External and Internal Validity

Table of Content

Babbie refers to internal and external validity as the two indispensable issues in any sociological research design. In general terms, “internal validity refers specifically to whether an experimental treatment, condition makes a difference or not, and whether there is sufficient evidence to support the claim” (Campbell & Stanley 40). Furthermore, external validity is directly linked to statistical generalizations; external validity determines the applicability of the research results to more general social groups.

Babbie is extremely accurate with the choice of sociological terms: in his book, internal and external validity issues are expressed through “external and internal invalidity”, which threaten the relevance of any sociological research results. Babbie’s list of the internal invalidity sources includes history, maturation, testing, and instrumentation (238). Statistical regression is another internal validity problem. Rooted in the wrong choice of subjects, statistical regression threatens the internal validity. The choice of subjects with extreme characteristics initially distorts the design and objectives of any sociological research. The list of external validity threats includes “multiple treatment interference, reactive effects of experimental arrangements and interaction effects of selection biases and the experimental variable” (Campbell & Stanley 41).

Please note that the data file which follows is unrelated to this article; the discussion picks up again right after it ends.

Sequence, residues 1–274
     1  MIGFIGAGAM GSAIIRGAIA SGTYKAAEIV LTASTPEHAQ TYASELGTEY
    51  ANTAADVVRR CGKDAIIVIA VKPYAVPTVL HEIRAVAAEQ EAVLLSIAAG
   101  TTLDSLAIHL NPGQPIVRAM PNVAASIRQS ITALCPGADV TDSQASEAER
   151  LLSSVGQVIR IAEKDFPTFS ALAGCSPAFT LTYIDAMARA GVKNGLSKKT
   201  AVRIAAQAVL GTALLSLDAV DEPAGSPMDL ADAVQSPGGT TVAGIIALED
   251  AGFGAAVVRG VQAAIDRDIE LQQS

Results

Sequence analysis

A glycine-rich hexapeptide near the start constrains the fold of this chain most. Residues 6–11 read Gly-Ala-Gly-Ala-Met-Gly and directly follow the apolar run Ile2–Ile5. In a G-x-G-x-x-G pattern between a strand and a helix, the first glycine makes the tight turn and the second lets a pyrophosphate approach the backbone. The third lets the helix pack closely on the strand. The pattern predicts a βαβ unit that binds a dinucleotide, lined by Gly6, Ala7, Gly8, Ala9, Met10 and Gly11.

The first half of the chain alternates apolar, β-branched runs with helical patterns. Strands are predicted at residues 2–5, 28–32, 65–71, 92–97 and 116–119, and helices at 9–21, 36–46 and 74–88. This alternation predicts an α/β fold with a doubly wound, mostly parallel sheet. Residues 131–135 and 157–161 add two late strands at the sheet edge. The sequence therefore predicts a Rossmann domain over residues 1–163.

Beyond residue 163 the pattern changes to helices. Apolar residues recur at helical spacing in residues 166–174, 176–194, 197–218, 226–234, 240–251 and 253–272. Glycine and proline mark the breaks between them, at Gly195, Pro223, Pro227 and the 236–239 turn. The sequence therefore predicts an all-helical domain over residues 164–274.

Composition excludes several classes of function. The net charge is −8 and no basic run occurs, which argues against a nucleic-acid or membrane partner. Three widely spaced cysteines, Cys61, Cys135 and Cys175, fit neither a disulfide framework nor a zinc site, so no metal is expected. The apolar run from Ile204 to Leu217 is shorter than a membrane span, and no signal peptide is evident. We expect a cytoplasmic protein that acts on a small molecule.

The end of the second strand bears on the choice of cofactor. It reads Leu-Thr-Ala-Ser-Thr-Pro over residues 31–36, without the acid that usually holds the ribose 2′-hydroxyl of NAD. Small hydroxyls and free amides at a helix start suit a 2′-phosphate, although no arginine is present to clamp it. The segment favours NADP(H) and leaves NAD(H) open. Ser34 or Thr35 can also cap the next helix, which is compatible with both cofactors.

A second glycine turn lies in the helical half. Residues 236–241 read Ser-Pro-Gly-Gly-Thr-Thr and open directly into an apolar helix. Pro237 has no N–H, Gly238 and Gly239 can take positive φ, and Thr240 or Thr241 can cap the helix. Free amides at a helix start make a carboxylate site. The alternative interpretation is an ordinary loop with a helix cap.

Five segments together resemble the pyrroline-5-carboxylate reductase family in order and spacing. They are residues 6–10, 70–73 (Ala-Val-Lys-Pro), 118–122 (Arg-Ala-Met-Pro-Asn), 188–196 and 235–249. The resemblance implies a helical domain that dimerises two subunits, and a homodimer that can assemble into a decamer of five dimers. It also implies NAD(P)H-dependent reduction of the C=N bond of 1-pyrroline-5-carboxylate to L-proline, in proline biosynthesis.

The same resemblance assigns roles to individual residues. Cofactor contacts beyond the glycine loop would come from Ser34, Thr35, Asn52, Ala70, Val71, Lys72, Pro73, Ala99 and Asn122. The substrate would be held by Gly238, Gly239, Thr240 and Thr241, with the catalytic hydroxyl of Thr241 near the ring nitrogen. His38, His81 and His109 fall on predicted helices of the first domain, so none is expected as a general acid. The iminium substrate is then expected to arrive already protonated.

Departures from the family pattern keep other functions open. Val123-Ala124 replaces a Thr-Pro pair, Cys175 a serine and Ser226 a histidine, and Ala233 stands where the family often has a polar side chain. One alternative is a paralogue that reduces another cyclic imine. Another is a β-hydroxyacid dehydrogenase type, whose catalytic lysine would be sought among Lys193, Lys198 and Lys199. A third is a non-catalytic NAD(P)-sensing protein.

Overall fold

Internal invalidity issues in sociology can be resolved by means of probability statistics. The methods of selecting the research subjects, the problems of maturation and regression are easily solvable within the boundaries of the probabilistic logic. In contrast, logic will not help eliminate external validity threats: we cannot logically evaluate the impact and the essence of all external conditions. We can improve the external validity by using concept mapping and the principles of proximal similarity (Trochim). Replication of the study will substantially facilitate generalization of the research results.

Works Cited

  1. Babbie, E. The Basic of Social Research, 4th edition. Wadsworth Publishing, 2007.
  2. Campbell, D. & Stanley, J. Experimental and Quasi-Experimental Designs for Research. Chicago: Rand-McNally, 1996.
  3. Trochim, W.K. “External Validity.” 2006. Research Methods. 02 June 2008.
  4. http://www.socialresearchmethods.net/kb/external.php

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External and Internal Validity. (2016, Oct 23). Retrieved from


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